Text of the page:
NASA’s Chandra discovers giant black holes on a collision course
Astronomers have discovered the first evidence for giant black holes in dwarf galaxies on a collision course. This result from NASA’s Chandra X-ray Observatory has important ramifications for understanding how the first wave of black holes and galaxies grew in the early universe.
Collisions between the pairs of dwarf galaxies identified in a new study have pulled gas towards the giant black holes they each contain, causing the black holes to grow. Eventually the likely collision of the black holes will cause them to merge into much larger black holes. The pairs of galaxies will also merge into one.
Scientists think the universe was awash with small galaxies, known as “dwarf galaxies,” several hundred million years after the big bang. Most merged with others in the crowded, smaller volume of the early universe, setting in motion the building of larger and larger galaxies now seen around the nearby universe.
Dwarf galaxies by definition contain stars with a total mass less than about 3 billion times that of the Sun, compared to a total mass of about 60 billion Suns estimated for the Milky Way.
The earliest dwarf galaxies are impossible to observe with current technology because they are extraordinarily faint at their large distances. Astronomers have been able to observe two in the process of merging at much closer distances to Earth, but without signs of black holes in both galaxies.
“Astronomers have found many examples of black holes on collision courses in large galaxies that are relatively close by,” said Marko Micic of the University of Alabama at Tuscaloosa, who led the study. “But searches for them in dwarf galaxies are much more challenging and until now had failed.”
The new study overcame these challenges by implementing a systematic survey of deep Chandra X-ray observations and comparing them with infrared data from NASA’s Wide Infrared Survey Explorer (WISE) and optical data from the Canada-France-Hawaii Telescope (CFHT).
Chandra was particularly valuable for this study because material surrounding black holes can be heated up to millions of degrees, producing large amounts of X-rays. The team searched for pairs of bright X-ray sources in colliding dwarf galaxies as evidence of two black holes, and discovered two examples.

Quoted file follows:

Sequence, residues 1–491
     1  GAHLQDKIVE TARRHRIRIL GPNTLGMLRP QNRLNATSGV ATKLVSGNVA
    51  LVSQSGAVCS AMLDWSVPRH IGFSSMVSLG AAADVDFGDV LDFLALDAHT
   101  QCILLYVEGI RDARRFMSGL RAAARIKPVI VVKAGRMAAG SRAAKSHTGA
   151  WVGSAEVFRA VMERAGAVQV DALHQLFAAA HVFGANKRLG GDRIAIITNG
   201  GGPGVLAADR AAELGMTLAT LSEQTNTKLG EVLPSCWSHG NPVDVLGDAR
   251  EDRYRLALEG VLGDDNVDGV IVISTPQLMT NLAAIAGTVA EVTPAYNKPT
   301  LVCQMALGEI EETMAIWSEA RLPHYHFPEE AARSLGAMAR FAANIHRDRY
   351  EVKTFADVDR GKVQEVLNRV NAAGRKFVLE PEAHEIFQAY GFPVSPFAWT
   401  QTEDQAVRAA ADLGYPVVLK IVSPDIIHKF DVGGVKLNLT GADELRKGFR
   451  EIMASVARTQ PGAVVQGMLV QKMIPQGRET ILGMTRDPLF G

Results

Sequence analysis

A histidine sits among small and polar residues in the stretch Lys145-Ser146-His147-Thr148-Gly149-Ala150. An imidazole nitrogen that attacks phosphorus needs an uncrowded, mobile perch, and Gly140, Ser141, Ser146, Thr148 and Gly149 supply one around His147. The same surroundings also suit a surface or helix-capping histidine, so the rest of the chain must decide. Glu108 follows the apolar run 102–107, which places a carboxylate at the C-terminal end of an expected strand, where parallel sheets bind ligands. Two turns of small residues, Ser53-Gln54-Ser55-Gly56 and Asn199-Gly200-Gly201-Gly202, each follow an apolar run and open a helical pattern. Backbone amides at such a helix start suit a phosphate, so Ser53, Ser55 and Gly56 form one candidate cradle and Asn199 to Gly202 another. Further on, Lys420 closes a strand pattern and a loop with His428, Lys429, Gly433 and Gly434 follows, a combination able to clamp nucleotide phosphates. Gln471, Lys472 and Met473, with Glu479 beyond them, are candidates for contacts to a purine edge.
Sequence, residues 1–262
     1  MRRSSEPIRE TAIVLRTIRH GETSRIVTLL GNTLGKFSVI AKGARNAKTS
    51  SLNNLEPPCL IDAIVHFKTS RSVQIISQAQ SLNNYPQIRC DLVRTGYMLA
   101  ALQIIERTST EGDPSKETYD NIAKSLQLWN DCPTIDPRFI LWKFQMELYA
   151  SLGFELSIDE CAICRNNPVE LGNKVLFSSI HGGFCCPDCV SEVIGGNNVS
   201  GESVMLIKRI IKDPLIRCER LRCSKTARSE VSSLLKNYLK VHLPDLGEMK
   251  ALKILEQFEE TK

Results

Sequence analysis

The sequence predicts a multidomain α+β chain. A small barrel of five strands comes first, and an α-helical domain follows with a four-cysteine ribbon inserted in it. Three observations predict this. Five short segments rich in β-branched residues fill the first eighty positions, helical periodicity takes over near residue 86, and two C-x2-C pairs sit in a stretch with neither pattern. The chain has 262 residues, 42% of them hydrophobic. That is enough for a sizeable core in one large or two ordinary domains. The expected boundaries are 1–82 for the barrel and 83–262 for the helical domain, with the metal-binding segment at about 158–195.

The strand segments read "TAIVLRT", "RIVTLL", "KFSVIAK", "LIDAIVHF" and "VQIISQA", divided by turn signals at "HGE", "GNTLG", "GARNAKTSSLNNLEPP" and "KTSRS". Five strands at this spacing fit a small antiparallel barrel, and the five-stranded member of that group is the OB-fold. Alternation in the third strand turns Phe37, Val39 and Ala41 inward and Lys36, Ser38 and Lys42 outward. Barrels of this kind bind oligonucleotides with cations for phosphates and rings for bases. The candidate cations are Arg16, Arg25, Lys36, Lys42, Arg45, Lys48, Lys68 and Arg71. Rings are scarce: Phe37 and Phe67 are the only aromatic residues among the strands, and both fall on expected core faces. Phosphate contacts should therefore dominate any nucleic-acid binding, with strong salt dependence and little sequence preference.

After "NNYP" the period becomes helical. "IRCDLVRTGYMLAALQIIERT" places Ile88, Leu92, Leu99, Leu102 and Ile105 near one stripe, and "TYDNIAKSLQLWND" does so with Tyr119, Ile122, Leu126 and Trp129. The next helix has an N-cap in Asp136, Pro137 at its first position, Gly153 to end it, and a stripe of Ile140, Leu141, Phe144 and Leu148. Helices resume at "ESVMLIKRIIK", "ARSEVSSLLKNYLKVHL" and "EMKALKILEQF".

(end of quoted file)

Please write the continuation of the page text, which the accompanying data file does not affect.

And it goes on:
“We’ve identified the first two different pairs of black holes in colliding dwarf galaxies,” said co-author Olivia Holmes, also of the University of Alabama at Tuscaloosa. “Using these systems as analogs for ones in the early universe, we can drill down into questions about the first galaxies, their black holes, and star formation the collisions caused.”
One pair is in the galaxy cluster Abell 133 located 760 million light-years from Earth. The other is in the Abell 1758S galaxy cluster, which is about 3.2 billion light-years away. Both pairs show structures that are characteristic signs of galaxy collisions.
The pair in Abell 133 appears to be in the late stages of a merger between the two dwarf galaxies, and shows a long tail caused by tidal effects from the collision. The authors of the new study have nicknamed it “Mirabilis” after an endangered species of hummingbird known for their exceptionally long tails. Only one name was chosen because the merger of two galaxies into one is almost complete.
In Abell 1758S, the researchers nicknamed the merging dwarf galaxies “Elstir” and “Vinteuil,” after fictional artists from Marcel Proust’s “In Search of Lost Time.” The researchers think these two have been caught in the early stages of a merger, causing a bridge of stars and gas to connect the two colliding galaxies.
The details of merging black holes and dwarf galaxies may provide insight to our Milky Way’s own past. Scientists think nearly all galaxies began as dwarf or other types of small galaxies and grew over billions of years through mergers.
“Most of the dwarf galaxies and black holes in the early universe are likely to have grown much larger by now, thanks to repeated mergers,” said co-author Brenna Wells, also of the University of Alabama at Tuscaloosa. “In some ways, dwarf galaxies are our galactic ancestors, which have evolved over billions of years to produce large galaxies like our own Milky Way.”
“Follow-up observations of these two systems will allow us to study processes that are crucial for understanding galaxies and their black holes as infants,” said co-author Jimmy Irwin, also from the University of Alabama at Tuscaloosa.
A paper describing these results is being published in the latest issue of The Astrophysical Journal, and the research is available on the arXiv preprint server.